"I was always hot in here in the summer and could see my breath on December mornings; the floors were hard and cold with no carpet; I couldn't call anyone because we didn't have a phone; I couldn't watch color cable TV; I had to walk a mile to go to the store. It was the best time of my life," writes Eddie Chuculate.

He's describing the four-room shack in Muskogee, Okla., where he lived with his grandparents for long stretches of his peripatetic childhood. In his memoir, "This Indian Kid," he also recalls times he lived with his mother and stepdad and younger siblings in small towns around Oklahoma: Tishomingo, Calera, Hanna, Milburn. By the time he started high school, he'd been in 14 schools in nine years.

Chuculate, a Star Tribune copy editor, doesn't pretend all that moving around was a piece of cake, and he regrets not having enough time with his siblings to become a true big brother. But in this charming memoir, written in straightforward prose and illustrated with black-and-white family photos and school portraits, his emphasis is on the positive.

His Creek and Cherokee heritage is a source of pride. "I can't say I ever felt singled out or excluded from anything because of my race," he writes. He was gifted at sports, loved fishing with his grandpa and lifelong best friend Lonnie and began writing at an early age, accumulating a folder of stories and sketches by the time he was in second grade.

In high school, this focus paid off when he began writing sports for the local newspaper. He was given the chance by his baseball coach/journalism teacher, a life-changing mentor named Bob Branan.

The family lived close to the poverty line, but Chuculate's stories about this, while filled with sharp details about ill-fitting shoes and off-brand products, are gentle in spirit, marked by rueful humor. Writing a big "P" with magic marker on a crappy K-mart tennis racquet didn't turn it into a $200 Prince, after all.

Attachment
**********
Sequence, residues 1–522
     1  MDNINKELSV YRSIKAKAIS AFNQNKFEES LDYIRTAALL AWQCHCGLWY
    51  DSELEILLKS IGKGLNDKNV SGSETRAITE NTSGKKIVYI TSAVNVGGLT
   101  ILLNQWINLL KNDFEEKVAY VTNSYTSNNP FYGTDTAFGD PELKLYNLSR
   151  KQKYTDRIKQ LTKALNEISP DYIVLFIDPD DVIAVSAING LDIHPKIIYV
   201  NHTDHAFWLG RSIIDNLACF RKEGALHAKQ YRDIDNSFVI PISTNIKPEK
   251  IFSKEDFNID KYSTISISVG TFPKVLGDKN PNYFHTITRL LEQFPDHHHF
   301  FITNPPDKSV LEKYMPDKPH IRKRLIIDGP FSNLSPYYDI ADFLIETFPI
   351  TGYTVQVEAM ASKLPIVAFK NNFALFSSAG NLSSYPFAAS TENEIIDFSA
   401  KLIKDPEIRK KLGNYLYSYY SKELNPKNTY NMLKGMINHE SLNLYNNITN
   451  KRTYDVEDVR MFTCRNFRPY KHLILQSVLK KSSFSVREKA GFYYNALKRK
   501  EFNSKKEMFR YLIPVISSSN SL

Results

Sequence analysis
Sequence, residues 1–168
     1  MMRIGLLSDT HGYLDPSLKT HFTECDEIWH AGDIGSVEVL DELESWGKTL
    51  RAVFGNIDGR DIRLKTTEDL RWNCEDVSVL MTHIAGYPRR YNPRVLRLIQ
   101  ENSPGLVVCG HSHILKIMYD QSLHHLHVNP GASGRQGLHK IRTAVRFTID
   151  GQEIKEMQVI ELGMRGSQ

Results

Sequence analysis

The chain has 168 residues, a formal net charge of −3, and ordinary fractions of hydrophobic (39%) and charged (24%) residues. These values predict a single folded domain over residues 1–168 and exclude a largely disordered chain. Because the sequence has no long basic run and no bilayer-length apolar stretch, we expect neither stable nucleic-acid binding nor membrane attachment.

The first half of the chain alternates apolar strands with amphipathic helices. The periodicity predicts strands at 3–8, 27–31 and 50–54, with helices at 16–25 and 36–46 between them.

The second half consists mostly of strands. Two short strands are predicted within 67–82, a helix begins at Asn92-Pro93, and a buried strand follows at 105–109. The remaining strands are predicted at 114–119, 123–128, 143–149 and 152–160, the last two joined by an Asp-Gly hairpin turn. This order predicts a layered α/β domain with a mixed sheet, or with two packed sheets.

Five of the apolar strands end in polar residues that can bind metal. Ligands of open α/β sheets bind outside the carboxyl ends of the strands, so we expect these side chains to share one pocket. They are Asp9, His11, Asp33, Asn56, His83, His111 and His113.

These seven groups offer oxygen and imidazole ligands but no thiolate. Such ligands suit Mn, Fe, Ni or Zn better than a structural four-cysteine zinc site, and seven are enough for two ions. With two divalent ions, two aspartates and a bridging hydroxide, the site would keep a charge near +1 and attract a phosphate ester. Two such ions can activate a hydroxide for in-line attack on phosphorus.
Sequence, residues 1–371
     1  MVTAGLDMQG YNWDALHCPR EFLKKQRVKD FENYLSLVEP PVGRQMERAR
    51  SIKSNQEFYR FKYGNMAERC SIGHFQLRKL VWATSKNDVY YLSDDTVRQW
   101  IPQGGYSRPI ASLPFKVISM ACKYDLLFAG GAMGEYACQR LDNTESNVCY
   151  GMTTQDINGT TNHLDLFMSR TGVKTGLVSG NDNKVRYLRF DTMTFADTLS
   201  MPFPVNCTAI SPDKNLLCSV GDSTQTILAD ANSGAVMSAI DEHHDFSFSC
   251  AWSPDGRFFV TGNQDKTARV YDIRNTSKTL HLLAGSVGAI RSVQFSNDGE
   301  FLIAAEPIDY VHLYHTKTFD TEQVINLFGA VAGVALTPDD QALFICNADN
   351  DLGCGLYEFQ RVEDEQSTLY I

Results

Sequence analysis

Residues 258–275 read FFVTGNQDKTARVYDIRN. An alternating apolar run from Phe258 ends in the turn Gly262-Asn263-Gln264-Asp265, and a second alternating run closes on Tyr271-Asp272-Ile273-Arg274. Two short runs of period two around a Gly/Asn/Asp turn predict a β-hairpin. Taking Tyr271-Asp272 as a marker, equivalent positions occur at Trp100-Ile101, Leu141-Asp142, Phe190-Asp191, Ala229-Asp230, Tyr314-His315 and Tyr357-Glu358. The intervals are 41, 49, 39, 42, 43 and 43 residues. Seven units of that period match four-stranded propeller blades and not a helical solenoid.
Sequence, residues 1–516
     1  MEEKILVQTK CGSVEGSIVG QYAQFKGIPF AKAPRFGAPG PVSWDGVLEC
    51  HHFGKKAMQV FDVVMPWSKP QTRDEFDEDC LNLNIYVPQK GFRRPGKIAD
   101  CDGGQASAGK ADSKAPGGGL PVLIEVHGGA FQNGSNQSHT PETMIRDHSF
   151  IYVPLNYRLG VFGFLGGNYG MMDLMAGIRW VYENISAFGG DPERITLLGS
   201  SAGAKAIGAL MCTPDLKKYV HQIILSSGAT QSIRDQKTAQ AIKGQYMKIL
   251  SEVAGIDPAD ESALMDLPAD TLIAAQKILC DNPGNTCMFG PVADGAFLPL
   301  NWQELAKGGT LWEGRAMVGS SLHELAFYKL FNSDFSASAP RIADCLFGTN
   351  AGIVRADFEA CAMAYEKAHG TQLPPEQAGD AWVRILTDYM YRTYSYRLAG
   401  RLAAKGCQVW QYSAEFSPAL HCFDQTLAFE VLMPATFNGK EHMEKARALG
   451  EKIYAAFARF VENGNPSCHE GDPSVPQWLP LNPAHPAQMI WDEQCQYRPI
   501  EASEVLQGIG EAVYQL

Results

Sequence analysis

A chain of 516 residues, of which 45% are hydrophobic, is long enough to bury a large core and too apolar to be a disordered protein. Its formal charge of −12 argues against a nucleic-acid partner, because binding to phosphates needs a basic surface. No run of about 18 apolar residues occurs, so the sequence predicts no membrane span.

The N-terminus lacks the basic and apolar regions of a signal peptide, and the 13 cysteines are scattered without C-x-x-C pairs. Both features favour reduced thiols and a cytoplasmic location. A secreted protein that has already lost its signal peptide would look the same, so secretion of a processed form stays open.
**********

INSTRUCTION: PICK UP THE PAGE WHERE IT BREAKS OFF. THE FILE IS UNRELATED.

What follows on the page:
When both his mother and stepdad were out of work in Tishomingo, Eddie knocked on doors to see if anyone needed their lawn mowed. He ended up in a huge yard with knee-high grass, using a mower with a dull blade and an empty gas tank, returning to his waiting family with $15 around sunset.

"We went to Larry's IGA and Momma got hamburger meat and Hamburger Helper, some pop, a box of vanilla wafers, pickle loaf and white bread, and potato chips, and she put a couple of dollars in the tank," recalls Chuculate. "I saved us that time."

Another time — a critical one, when everything could have changed for the worse — Chuculate was saved by the restraint and insight of the policemen and judge who kept him out of juvenile detention, despite a serious act of vandalism he committed with a friend. Fortunately, he knew enough not to squander that second chance, finding the self-respect that turned a "poor boy, sneak-thief and vandal" into the sweet hero we meet in these pages.

Marion Winik, a Baltimore-based writer and professor, will next review Samantha Harvey's "Orbital."

This Indian Kid

By: Eddie Chuculate.

Publisher: Scholastic, 207 pages, $19.99.

Event: 6:30 p.m. Fri., Red Balloon Bookshop, Mpls., free.